25/50/100 years ago
April 24, 2003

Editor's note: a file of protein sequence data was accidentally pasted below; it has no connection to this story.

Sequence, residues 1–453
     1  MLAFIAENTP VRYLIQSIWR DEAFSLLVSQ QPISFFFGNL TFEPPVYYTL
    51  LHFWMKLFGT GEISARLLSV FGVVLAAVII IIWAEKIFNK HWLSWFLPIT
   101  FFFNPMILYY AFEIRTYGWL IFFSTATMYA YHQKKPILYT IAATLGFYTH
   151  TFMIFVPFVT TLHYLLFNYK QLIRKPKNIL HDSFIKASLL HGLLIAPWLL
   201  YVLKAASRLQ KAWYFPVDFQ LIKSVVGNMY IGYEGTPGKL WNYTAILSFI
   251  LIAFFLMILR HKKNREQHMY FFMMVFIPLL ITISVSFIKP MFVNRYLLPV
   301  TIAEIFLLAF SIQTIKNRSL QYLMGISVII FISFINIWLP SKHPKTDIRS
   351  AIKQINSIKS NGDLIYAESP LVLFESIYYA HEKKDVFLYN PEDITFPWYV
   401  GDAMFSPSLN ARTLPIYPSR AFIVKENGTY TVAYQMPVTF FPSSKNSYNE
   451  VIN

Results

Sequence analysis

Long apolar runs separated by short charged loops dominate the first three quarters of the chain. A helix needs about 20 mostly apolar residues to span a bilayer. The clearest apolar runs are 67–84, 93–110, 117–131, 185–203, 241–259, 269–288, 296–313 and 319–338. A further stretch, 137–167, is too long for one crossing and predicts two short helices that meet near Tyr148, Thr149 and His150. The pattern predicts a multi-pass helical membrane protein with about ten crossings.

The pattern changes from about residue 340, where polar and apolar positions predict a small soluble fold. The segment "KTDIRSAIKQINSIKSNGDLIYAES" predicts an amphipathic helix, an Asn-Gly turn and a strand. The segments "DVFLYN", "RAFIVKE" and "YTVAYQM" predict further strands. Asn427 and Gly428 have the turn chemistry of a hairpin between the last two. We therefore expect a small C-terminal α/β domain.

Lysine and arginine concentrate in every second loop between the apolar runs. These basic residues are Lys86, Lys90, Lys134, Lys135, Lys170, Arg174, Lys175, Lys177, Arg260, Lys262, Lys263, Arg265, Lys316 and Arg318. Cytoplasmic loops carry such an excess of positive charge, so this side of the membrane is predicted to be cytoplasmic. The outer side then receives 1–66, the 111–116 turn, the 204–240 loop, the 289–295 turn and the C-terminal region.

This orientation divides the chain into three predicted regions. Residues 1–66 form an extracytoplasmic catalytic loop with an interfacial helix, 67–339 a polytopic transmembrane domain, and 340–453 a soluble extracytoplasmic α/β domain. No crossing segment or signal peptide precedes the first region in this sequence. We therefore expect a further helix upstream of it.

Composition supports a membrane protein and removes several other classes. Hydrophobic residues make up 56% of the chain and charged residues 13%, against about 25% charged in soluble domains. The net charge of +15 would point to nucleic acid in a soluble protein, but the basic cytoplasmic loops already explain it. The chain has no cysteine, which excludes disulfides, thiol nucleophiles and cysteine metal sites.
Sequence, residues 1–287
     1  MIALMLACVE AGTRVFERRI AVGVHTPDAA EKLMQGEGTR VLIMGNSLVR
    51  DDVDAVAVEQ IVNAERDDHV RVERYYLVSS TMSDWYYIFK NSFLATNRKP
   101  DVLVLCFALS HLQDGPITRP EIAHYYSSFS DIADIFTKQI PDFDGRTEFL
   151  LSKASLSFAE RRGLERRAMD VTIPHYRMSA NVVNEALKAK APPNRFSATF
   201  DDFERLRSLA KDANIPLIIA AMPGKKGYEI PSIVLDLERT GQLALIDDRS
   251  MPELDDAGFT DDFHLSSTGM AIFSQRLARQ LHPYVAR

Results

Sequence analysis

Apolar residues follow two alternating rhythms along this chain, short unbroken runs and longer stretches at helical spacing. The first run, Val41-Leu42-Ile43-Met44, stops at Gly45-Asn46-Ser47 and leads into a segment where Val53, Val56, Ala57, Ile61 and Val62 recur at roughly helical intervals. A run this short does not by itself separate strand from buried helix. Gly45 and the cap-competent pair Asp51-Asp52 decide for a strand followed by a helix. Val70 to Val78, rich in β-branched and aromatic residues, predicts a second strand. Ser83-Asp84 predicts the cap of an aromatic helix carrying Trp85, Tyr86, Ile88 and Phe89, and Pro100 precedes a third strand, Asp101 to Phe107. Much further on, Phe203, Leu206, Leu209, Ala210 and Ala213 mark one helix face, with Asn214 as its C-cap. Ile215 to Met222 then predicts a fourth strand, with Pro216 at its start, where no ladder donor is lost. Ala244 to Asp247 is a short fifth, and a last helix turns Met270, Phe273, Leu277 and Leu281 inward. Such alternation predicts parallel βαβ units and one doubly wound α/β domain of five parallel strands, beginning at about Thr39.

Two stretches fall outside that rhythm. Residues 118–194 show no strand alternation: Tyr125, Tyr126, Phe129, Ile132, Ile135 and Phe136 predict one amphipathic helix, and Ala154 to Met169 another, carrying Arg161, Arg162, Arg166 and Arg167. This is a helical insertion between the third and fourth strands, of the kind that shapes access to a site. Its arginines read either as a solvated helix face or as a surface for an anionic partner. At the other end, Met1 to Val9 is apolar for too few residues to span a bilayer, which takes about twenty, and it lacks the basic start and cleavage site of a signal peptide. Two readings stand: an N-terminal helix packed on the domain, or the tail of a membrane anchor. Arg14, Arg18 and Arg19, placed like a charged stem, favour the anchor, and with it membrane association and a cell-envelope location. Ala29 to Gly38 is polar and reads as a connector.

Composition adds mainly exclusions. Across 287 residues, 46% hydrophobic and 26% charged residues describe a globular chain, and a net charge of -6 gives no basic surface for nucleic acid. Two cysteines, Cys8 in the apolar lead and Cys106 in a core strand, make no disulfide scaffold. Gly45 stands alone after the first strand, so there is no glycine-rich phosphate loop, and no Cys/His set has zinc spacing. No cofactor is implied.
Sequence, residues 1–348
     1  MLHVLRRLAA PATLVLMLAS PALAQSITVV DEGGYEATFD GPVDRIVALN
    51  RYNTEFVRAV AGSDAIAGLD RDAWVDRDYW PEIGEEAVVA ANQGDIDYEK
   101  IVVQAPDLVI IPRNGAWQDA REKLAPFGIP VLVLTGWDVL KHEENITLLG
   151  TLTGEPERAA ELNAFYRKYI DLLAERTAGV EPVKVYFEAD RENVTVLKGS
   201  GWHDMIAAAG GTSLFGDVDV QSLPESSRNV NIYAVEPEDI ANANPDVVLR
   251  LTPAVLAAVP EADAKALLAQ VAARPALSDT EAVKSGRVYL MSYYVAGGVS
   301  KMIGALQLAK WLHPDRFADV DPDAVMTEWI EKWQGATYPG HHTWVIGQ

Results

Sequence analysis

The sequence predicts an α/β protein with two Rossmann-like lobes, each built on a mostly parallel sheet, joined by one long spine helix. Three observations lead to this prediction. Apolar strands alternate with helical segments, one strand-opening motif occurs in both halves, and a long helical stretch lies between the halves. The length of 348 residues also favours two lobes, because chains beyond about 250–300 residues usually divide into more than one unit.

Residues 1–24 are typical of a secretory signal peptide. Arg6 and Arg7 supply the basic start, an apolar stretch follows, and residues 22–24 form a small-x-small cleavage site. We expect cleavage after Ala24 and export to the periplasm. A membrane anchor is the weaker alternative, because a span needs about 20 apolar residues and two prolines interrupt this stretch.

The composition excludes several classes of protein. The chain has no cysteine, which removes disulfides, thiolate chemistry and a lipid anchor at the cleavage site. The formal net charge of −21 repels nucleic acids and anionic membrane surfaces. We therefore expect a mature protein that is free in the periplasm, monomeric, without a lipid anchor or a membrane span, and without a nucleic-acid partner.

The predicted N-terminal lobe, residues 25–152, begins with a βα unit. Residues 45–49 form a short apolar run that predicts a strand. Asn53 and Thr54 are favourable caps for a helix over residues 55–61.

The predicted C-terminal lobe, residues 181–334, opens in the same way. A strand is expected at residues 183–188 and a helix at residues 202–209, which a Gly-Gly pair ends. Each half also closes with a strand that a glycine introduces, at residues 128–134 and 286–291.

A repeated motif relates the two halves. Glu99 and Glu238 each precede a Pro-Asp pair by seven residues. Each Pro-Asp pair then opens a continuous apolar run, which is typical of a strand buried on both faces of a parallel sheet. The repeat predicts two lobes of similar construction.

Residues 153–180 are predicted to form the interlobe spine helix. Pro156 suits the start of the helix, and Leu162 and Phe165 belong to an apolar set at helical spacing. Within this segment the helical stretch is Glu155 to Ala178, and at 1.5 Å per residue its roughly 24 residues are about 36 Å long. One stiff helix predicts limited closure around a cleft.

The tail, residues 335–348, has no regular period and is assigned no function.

April 1903The Times had a bygone way of marking the start of spring in Aspen a century ago.The soda water fountain at Al Lamb’s drug store has been opened and is in running order. Spring must be close at hand. It is said that the starting of the fountains is a sure sign of approaching spring.A precursor, perhaps, to Aspen’s summer softball league was the local baseball teams that The Times touted in the following item.Aspen has always been a first class baseball town. In the past splendid teams have been formed and supported and went forth to do battle for the championship of the Western Slope. …A city with a record can ill afford to allow it to wane. Aspen last year failed to muster enough enthusiasm to get a town team. The younger men organized two teams known as the Maroons and Colts. Both played well, all things considered. This year the baseball enthusiasts have decided that there shall be a town team, and the energy which lay dormant all of last year will be poked into their work this season. …The town team will be known, of course, as Aspen. The Colts and Maroons have been reorganized and will give the big team plenty of exercise.Heated disagreement over rerouting a thoroughfare on Aspen’s west side cropped up a hundred years ago; The Times reported on it in a story entitled simply, “The Road.”Yesterday the county commissioners met in their room at the court house to hear the pros and cons on the changing of the road running across the mesa west of town, from the end of the Castle Creek bridge to Red Butte. …The land belongs to the Colorado Midland railway. It has given T. O. Clark a lease for a period of five years with an option for five years more on this land. … He desires to put this land under cultivation and he wishes to use the land which is now covered by the road. The ranchmen down the river objected to this and demand that the road remain where it is. …Mr. Clark claims that the road takes about five acres of his land and … that he is willing to build the road from the bridge along the banks of Castle creek to a point east of Red Butte and then to Red Butte at right angles. …The ranchmen claim that it will make their haul longer and that the new road will be dangerous to life and limb because of its angle on the brink of the canon though which Castle creek runs. …Attorney [J. M.] Downing then stated that … until the Castle creek bridge was completed in December, 1891, the ranchmen either went around by way of the slaughter house and up around the hill, or else traveled by way of the bridge formerly above where the Midland bridge now stands. They then made a wide circuit down the valley. …The commissioners took no action.April 1953If you see one of Aspen’s best-known couples, Jim and Mary Eshbaugh Hayes, wish them a happy golden wedding anniversary. The Times ran a detailed description of the nuptials:Miss Mary Jean Eshbaugh, daughter of Mr. and Mrs. W. P. Eshbaugh of Geneseo, New York, became the bride of James Hayes, son of Mr. and Mrs. James Hayes of Boyd, Texas, on Saturday, April 18, at 7:00 p.m. in a candlelight service at the Aspen Community Church. Rev. Sigurd Burch performed the double ring ceremony.The bride, given in marriage by her brother, John Paul Eshbaugh of Denver, wore a ballerina length white organdy gown fashioned with an off shoulder neckline and embroidered hemline. Her bouquet was of red roses and white carnations and her fingertip veil was held in place with a Juliet cap edged with seed pearls.Matron of honor was Mrs. Wesley Thorpe of Aspen, who wore a green organdy ballerina length gown and carried a bouquet of red roses and white carnations. …Steve Knowlton of Aspen was best man while ushers were Gale Spence of Aspen and David Eshbaugh of Geneseo, brother of the bride. …The church was decorated with pussy willows and jonquils …A reception was held immediately following the ceremony at the home of Mr. and Mrs. V. E. Ringle.Following a wedding trip to New Mexico, the couple will make their home in Aspen.Fifty years ago, the Times declared it was wood ticks, not soda fountains, that heralded spring.Spring is here – but so are the wood ticks. A trip to the mountains, increased work in the woods or on the range or a fishing trip from mid-March through June, frequently results in coming home with one or more ticks on clothing or body. While a tick which has burrowed into the skin is not to be taken lightly, it need not be a matter of panic which some people feel when they find one of the little insects, according to Dr. Roy L. Cleere, Executive Director of the Colorado State Department of Public Health. …After voters approved an issue of $120,000 in bonds for an addition to the school, the Times ran this somewhat convoluted description of what would be built:The [school] board reports that they have tentatively agreed on preliminary plans submitted by architect Sam Caudill who will proceed to submit more detailed drawings for final approval.The new construction will probably be approved very much as already submitted to consist of an auditorium and three class rooms. The new part will be directly east of the present building and connected to the old building by an extension of the present corridor. Three new class rooms and an entry for the public will be built facing the south with the auditorium directly to the east the long way north and south. The stage and dressing rooms will be on the north end.April 1978Aspen ski resorts rebounded in dramatic fashion one year after one of the worst seasons ever.Aspen and other Colorado ski areas have announced that 1977-1978 was the most successful ski season in history, a welcome relief to the ski industry after the no-snow year of 1976-1977.Total Aspen skier days for the corp’s three mountains, Aspen Mountain, Buttermilk and Snowmass were 1,047,978 for the [1975-1976] ski season, 420,508 for the 1976-1977 season, and then up to the new high of 1,065,233 for the 1977-1978 ski season. …”This was an interesting year,” remarked [ski corp public relations coordinator Jack] Brendlinger. “We had a credibility problem at the beginning of the season. As of Dec 29 we were about 45,000 skier days behind compared to skier days of 1975-1976 (the last big year). People didn’t come. They were afraid after the no-snow year.”Then for the next couple of weeks in January, we had a substantial jump. People went home after Christmas and told how good the skiing really was. And it seemed that everyone was starving for good skiing after that bad year. From then on during this season, Aspen did well.”A few Aspenites took an unusual step toward involvement in national politics.A precedent-setting attempt by three local residents and a local attorney to overturn the presidential pardon of former President Richard M. Nixon was dismissed by a federal judge last week.In an order dated April 13, US District Judge Sherman Finesilver granted the defendant’s motion to dismiss on grounds that his court declined to exercise jurisdiction and because the plaintiffs “do not have standing to raise the issue presented in their complaint.”The action was filed last year by Aspen attorney Carl R Nutzhorn on behalf of Robert Starr, James Ward and Ward’s son Casey James Ward. …In their action the Aspen men asked the court to issue a declaratory judgment holding the pardon of former President Richard Nixon by President Gerald Ford to be null and void as violative of the US Constitution.Last week we ran an item about the potential collapse of the sale of 2,900 acres in Snowmass over the building of a diversion in Snowmass Creek; an agreement was reached, and the sale went through.The $7 million sale of the Snowmass Corporation closed Friday with the developers and the Pitkin County commissioners commenting that an agreement reached earlier over water supplies for Snowmass Resort was highly satisfying to all concerned.After a marathon meeting April 12, the county and the Snowmass Water & Sanitation District hammered out an agreement that allows the district to divert water from the Snowmass Creek Valley, with provisions designed to guarantee that minimum stream flows for Snowmass Creek will be maintained.Because the county’s concern that the Snowmass Creek Valley not be excessively burdened for the benefit of the resort is adequately addressed by the agreement, according to commission Chairman Bob Child, the county will waive its opposition to the diversion. …[The agreement] stipulates that the district must make use of all water sources within the Brush Creek drainage before imposing a burden on Snowmass Creek, and that water storage facilities should be developed in the Brush Creek Valley before any such storage facility is built along Snowmass Creek.The county reserves the right to challenge legally any future proposals to build storage reservoirs along Snowmass Creek.